As a result, I didn’t really miss writing about Community. Part of this is because every other critic in the universe is writing about the show, which means that there was plenty of analysis of “Remedial Chaos Theory” to go around. This is not to say that I don’t have opinions about the show, or that I didn’t find “Remedial Chaos Theory” in particular to be a really tremendous episode of television, but there came a point this season where my appreciative ambivalence became more readily apparent. I still think Community is one of the strongest and more innovative comedies on television, but I have to admit that I have very little interest in exploring why on a weekly basis.
There were points during the fall when I almost felt my relationship with Parks and Recreation moving in the same direction. To be clear, I’ve always felt a stronger connection with Parks than with Community, likely because the show is more interested in fostering that emotional connection with its characters on a regular basis. And yet, when everyone seemed to be all choked up about Leslie and Ben (a couple that I had wholeheartedly supported at the end of the second season when it was first hinted at), I was left sort of perplexed: while I wasn’t vehemently against the coupling, something about the way they danced around the relationship had kept me at an emotional remove. However, I found myself plenty verklempt at the conclusion of “Citizen Knope,” an ending which focused on the more general character dynamics of the series as opposed to a single relationship.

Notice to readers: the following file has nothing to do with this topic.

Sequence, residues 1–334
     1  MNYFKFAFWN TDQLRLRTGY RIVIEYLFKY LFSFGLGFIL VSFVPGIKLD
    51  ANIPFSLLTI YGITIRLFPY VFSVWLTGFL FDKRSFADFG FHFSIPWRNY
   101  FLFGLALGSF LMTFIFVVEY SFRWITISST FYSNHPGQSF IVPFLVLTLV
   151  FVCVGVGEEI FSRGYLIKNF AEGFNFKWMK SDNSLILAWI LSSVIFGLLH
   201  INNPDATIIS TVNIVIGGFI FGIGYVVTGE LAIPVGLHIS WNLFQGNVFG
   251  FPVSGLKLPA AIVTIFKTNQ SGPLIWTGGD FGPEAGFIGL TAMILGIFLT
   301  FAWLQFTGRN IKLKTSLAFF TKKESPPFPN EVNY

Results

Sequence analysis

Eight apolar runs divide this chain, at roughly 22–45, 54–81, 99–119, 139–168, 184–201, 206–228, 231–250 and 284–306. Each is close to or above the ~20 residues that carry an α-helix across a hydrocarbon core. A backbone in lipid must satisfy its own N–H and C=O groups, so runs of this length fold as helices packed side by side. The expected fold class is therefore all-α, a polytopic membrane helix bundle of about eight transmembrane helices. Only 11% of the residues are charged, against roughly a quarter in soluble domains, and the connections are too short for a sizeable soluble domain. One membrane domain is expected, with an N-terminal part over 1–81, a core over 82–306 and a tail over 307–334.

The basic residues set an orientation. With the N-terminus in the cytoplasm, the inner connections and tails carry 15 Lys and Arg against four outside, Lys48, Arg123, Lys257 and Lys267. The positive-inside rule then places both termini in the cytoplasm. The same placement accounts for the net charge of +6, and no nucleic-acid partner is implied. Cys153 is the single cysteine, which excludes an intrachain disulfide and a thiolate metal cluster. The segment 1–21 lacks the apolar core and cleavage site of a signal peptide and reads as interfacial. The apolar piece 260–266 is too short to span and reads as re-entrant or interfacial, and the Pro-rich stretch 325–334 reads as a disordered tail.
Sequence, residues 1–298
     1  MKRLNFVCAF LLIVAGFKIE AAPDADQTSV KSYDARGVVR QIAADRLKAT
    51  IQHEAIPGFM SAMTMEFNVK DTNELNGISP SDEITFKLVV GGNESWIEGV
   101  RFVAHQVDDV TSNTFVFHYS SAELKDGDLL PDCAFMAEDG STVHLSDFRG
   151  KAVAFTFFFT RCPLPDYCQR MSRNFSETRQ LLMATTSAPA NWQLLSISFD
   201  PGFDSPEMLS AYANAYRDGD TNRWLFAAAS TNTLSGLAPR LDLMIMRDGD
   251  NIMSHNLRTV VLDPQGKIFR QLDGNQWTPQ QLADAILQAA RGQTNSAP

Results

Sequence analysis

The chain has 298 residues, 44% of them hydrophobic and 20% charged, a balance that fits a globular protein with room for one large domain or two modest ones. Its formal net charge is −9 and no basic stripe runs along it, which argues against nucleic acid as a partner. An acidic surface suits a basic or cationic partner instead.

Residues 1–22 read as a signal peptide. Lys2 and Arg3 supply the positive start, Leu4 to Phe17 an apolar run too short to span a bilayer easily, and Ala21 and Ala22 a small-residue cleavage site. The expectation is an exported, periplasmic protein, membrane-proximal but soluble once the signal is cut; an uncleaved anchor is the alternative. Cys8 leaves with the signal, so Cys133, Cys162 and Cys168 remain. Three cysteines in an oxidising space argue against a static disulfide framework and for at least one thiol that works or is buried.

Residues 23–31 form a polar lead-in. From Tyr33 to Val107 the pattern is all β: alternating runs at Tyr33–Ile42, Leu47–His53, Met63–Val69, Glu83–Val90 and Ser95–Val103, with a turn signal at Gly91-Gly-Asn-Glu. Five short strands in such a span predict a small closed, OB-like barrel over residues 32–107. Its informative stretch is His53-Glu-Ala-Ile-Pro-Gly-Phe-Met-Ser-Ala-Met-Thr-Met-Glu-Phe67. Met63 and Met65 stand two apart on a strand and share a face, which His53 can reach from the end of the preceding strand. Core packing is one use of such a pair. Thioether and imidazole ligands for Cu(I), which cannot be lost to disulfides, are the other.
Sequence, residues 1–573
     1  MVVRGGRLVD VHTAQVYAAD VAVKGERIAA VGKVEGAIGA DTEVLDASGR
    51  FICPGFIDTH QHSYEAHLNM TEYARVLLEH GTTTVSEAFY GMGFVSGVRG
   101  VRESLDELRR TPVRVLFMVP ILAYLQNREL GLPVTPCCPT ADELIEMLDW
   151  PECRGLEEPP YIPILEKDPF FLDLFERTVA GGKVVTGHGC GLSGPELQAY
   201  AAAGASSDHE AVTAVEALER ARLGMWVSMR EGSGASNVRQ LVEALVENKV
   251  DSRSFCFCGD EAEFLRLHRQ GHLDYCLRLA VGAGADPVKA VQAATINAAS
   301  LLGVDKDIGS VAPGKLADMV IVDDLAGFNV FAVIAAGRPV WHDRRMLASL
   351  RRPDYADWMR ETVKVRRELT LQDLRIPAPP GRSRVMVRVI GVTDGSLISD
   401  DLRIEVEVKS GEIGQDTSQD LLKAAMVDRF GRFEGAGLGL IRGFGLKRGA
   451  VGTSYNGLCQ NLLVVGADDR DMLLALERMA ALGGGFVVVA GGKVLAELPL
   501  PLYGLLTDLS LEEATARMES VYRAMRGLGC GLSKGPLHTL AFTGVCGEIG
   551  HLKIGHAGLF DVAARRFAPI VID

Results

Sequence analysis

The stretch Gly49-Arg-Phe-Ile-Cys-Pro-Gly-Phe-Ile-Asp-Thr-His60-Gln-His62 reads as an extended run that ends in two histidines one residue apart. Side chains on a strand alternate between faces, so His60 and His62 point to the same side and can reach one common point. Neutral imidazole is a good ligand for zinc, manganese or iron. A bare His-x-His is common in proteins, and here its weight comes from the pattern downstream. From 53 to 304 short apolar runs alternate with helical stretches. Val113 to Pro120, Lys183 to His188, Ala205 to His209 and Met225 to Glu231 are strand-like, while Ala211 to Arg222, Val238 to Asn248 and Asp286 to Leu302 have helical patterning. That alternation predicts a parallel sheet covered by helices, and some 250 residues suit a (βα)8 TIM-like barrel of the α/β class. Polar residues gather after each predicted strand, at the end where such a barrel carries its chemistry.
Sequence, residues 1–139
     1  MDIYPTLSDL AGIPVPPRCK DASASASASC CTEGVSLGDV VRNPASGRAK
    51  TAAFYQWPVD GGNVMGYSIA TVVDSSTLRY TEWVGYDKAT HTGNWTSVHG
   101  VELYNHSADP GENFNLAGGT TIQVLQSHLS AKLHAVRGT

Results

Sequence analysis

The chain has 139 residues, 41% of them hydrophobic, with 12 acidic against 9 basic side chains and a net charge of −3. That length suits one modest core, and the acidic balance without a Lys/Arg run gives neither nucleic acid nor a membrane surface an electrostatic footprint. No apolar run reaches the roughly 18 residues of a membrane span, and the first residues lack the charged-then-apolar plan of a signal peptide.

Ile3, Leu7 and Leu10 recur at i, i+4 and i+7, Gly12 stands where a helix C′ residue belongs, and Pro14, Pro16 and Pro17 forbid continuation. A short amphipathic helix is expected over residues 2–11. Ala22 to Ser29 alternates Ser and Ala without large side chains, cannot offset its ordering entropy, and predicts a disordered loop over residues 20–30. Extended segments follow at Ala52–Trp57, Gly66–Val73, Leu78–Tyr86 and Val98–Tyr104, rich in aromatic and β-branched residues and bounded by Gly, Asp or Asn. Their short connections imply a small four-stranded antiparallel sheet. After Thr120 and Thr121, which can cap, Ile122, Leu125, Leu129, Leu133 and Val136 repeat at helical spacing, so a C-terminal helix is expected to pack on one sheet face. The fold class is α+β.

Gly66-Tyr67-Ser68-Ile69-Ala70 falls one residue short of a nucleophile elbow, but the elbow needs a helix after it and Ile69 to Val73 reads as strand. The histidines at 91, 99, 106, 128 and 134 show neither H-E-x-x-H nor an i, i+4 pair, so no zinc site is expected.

Yes, “Citizen Knope” is perhaps too focused on just Leslie, but her position within the Parks Department is crucial to the show’s rhythms, and her relationship with each of her colleagues is a major source of both comedy and, perhaps more importantly, character development. That conclusion resonated for me because it put the viewer and the characters on the same page, all of us invested in Leslie’s campaign and its connection to her goal of making a difference in her community. And while I found that particular episodes of the season have worked better than others, that central principle has remained prominent throughout: even without reinforcing it through writing a thousand words about it every week, it has become clear that I truly do care about what happens on Parks and Recreation. And while part of me still wishes I had time to write about it, an excuse to spend more time in that universe, there’s something fitting about just sitting back for a half-hour trip to Pawnee every week.
It’s not uncommon for there to be comments on my Office reviews regarding the other NBC comedies, often comparing them in an effort to either disparage or defend The Office relative to its comic compatriots. We get this a lot, as people try to compare grades across shows (and across writers) as though they were considered relatively when the grades were given, which is simply not true. My general defense in these instances is to explain that I didn’t write those reviews, and that while I may agree or disagree with the scores in question none of it has any bearing on what I thought about a different show entirely.
Given that I haven’t been reviewing Community and Parks, my “evaluation” of them has been somewhat less formal. On some level, it comes down to where my remote control cursor wanders once I file my Office review. While the cursor will eventually get to Community later that evening, I will say that it pretty consistently moves to Parks and Recreation first – if you want to try to translate that into letter grades, be my guest.
Tomorrow: On the Double Death of “The 3 Glees.”